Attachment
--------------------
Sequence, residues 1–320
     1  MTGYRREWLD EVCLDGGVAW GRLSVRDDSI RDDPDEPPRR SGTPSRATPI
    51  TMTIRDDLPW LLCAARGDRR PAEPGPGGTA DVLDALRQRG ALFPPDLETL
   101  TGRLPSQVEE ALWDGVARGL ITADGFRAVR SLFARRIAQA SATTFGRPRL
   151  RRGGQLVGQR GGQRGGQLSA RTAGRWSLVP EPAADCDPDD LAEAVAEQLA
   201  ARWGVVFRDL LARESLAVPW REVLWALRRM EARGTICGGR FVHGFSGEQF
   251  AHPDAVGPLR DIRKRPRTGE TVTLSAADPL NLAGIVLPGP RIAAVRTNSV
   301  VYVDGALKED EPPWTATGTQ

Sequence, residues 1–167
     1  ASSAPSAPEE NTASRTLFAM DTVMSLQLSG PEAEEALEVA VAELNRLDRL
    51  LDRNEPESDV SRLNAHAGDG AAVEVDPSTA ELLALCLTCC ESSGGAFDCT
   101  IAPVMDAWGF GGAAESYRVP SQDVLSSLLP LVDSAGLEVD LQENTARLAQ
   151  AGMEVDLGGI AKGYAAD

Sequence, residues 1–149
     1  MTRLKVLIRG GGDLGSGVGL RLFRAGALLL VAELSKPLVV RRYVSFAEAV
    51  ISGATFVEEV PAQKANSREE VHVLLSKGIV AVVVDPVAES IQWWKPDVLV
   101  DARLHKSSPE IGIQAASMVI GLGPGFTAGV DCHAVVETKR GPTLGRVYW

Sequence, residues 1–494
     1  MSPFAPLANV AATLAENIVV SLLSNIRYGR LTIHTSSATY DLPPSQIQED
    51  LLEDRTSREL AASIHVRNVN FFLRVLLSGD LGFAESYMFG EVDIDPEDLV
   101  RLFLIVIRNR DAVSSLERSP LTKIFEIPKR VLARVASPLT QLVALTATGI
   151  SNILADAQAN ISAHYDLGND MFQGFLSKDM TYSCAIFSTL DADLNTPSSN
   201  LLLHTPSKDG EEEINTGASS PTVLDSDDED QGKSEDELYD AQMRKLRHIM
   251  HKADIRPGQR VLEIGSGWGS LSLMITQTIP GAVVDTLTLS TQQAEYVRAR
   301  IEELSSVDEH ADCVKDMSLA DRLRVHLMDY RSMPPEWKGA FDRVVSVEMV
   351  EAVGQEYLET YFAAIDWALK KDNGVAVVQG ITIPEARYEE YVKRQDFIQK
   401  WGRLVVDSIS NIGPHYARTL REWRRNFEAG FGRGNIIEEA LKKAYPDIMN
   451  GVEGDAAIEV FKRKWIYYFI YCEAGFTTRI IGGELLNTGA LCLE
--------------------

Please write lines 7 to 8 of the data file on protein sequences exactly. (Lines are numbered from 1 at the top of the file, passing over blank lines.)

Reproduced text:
   251  AHPDAVGPLR DIRKRPRTGE TVTLSAADPL NLAGIVLPGP RIAAVRTNSV
   301  VYVDGALKED EPPWTATGTQ